And they say rock is dead. Well, it is in the main stream for sure; has been since the 90's. Sleipnir reminds us that all is still somewhat well in an otherwise world of conformity. This new generation really needs to wake up to our heritage of American individualism; a few pockets here are all that remains in a world dominated by Leftist ideology. Read Classical history and novels while you still can. A storm is coming; but, not quite yet.
The Flight of Sleipnir can perpetually be relied upon for two traditional qualities: sublime artwork and swathes of the most regally terrific doom in the metal dominion. 'Skadi' is a timely reminder of those uncommon virtues.
Favorite track: Earthen Shroud.
The Flight of Sleipnir's latest album is one of contrasting sounds, not solely concentrating on the heavy, doomier side of things. Unusually for a doom outfit, this has quite an uplifting tone and is one of the most positive-sounding doom albums I've ever heard.
Favorite track: Falcon White.
Following on the heels of the 2014 album 'V', the 6th full length 'Skadi' shows the Colorado individualists The Flight of Sleipnir more focused and settled. Taking inspiration from earlier recordings which work as the creative drive, they forge their trademark sounds ahead once again in Nordic spiked splendour wrapped in a new life-form. 'Skadi' creates another extraordinary venture, full of extreme metal and polarizing tension. There is a certain fresh simplicity in structure, though the further you delve in, the more complex and soaring it becomes. From pulsing waves of doom & stoner, decorative rock and prog to expanding glances into folk spiked with black metal-esque sparks. Whether you consume it at an intimate campfire or throughout stormy evenings, with ‘Skadi’ they have created one of their most passionate and artistic recordings to date.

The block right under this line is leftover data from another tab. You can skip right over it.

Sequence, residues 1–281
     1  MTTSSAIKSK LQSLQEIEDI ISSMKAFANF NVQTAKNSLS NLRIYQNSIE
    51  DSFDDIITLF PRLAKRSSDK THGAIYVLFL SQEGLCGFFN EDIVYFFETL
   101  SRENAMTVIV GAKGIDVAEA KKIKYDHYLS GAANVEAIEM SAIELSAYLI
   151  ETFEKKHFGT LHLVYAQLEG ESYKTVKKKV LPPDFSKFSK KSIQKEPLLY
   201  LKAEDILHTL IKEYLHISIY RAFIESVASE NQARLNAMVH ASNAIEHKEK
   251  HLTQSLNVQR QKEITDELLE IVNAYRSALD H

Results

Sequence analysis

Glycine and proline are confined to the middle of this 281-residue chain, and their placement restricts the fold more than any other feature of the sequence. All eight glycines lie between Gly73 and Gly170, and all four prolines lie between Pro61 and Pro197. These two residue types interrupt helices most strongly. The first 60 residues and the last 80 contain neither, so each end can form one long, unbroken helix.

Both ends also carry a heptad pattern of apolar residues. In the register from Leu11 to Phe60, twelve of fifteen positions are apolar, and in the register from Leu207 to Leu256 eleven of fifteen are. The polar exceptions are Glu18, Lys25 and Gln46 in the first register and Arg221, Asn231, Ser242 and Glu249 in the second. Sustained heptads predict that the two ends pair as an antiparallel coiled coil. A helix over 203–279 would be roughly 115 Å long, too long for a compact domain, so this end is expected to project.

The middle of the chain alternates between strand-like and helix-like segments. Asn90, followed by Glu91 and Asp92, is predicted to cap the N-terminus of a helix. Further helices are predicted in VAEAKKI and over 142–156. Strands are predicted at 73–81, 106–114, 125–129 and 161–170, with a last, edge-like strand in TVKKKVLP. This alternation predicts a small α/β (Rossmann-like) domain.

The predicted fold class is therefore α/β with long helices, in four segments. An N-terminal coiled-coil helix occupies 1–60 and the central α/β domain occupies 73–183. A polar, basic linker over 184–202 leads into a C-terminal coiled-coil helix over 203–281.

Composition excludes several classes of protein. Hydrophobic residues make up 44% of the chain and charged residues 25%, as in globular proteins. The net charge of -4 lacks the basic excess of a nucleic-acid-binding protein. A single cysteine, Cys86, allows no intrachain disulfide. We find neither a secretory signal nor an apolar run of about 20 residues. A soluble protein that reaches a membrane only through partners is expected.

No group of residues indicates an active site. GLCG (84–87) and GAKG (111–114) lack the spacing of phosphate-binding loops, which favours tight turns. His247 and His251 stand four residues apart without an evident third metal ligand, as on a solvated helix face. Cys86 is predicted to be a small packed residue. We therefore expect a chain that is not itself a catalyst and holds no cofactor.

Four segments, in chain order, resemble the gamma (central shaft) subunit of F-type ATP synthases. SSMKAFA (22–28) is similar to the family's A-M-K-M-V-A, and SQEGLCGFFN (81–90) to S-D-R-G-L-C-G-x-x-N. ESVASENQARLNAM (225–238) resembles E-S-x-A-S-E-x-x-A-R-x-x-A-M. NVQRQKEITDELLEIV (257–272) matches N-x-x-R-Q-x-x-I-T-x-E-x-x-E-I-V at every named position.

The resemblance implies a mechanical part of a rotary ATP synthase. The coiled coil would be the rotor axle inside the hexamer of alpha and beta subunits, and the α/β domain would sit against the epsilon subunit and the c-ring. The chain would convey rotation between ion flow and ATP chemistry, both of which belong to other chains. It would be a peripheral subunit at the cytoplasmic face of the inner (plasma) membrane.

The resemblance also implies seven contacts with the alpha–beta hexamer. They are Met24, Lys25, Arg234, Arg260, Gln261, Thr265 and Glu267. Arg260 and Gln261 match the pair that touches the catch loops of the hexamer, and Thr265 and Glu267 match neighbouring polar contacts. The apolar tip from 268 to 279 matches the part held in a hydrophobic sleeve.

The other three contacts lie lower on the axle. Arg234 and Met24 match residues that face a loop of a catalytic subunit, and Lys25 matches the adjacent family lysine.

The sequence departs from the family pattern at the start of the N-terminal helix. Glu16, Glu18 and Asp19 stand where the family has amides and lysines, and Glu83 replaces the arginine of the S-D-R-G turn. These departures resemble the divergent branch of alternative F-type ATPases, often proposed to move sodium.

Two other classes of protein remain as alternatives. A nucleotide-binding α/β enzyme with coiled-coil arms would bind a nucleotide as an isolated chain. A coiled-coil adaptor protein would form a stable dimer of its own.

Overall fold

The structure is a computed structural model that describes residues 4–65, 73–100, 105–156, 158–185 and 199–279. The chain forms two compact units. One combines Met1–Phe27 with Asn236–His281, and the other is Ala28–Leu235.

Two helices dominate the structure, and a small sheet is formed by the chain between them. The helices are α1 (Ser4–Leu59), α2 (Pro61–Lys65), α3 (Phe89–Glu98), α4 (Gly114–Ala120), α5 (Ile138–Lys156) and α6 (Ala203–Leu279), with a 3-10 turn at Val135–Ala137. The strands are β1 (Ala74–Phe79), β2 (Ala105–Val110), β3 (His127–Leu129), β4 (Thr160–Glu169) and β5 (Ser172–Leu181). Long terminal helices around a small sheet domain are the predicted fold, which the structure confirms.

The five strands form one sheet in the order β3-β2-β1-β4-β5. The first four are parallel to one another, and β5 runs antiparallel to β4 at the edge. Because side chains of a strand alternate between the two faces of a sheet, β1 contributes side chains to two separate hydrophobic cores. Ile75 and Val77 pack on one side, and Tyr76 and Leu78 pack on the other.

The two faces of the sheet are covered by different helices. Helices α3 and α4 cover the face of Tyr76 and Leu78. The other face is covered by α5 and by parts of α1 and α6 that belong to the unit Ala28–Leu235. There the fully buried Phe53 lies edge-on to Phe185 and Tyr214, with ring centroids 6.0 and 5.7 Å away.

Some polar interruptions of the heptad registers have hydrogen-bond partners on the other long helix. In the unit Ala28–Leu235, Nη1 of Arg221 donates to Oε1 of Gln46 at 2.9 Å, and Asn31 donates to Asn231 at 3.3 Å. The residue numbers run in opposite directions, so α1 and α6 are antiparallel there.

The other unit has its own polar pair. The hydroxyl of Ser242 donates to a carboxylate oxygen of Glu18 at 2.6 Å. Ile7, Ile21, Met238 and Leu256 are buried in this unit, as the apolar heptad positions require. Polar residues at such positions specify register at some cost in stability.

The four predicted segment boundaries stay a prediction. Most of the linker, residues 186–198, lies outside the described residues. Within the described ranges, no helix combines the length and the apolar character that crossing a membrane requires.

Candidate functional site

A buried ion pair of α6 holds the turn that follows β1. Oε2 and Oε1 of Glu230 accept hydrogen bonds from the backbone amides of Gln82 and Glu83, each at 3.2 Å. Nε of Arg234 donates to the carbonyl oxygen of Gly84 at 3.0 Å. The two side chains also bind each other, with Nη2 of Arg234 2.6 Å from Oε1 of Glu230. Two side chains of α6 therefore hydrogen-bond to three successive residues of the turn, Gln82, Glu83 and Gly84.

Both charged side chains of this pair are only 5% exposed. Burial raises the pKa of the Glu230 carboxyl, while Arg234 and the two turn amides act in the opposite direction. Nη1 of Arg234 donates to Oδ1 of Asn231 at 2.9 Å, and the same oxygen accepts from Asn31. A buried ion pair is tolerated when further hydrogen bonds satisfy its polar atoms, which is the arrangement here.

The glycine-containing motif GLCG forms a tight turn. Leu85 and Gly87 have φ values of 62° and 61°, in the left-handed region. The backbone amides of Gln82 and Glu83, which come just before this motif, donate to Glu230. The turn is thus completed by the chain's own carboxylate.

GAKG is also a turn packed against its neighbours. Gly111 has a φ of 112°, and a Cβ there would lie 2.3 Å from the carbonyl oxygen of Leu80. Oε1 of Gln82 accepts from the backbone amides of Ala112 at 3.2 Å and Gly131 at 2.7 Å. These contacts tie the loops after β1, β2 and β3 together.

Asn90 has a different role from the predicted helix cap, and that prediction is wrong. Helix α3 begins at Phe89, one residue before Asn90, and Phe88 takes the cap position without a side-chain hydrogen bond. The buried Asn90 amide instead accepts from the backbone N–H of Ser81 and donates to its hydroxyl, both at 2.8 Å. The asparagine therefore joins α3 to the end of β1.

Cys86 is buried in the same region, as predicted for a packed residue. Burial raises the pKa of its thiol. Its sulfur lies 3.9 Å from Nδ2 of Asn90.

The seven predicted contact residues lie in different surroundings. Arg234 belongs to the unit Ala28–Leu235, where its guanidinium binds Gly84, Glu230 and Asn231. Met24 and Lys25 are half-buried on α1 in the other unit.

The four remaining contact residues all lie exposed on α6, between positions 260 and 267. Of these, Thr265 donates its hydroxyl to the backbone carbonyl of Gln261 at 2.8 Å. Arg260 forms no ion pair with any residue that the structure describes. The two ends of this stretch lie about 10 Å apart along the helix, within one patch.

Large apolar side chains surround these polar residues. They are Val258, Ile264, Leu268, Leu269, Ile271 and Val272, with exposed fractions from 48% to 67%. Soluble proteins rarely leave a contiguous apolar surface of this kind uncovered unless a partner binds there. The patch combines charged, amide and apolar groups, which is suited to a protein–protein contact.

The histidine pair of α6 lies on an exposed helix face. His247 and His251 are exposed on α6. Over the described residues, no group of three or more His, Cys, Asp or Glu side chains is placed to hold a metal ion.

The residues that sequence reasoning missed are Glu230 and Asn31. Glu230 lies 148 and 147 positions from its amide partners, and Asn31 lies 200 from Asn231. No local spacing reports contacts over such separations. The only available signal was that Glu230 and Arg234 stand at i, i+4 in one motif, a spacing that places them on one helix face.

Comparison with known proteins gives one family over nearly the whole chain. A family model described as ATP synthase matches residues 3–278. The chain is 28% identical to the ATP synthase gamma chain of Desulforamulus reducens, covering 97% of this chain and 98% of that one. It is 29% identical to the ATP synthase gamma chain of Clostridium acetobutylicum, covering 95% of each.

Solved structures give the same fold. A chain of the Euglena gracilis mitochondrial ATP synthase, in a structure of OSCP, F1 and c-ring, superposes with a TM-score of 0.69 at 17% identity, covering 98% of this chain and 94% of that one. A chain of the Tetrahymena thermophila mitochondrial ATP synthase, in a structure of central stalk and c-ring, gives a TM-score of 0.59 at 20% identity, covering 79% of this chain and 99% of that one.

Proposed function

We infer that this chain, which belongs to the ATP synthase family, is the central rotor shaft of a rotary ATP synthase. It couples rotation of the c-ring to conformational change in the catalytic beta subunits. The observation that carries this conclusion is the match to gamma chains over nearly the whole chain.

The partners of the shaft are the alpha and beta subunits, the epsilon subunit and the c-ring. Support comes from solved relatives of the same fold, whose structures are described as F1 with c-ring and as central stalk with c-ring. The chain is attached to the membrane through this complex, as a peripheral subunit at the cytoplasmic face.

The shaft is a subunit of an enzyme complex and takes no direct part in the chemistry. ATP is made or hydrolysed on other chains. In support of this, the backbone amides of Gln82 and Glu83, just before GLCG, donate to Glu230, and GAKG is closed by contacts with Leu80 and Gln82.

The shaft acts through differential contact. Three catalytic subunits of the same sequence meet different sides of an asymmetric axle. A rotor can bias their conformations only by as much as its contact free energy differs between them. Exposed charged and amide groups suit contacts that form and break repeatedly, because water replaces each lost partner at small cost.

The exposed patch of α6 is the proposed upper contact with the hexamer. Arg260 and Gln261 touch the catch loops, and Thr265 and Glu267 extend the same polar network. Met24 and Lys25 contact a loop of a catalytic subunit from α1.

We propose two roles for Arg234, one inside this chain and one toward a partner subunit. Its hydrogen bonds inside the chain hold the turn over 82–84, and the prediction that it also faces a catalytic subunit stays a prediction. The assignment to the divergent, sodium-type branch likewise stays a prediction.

released January 20, 2017
'Skadi' was recorded during 2016 and then mixed/mastered by Clayton Cushman. It features the striking artwork courtesy of the band's own David Csicsely, that once again becomes a crucial force in The Flight of Sleipnir's artistic appeal.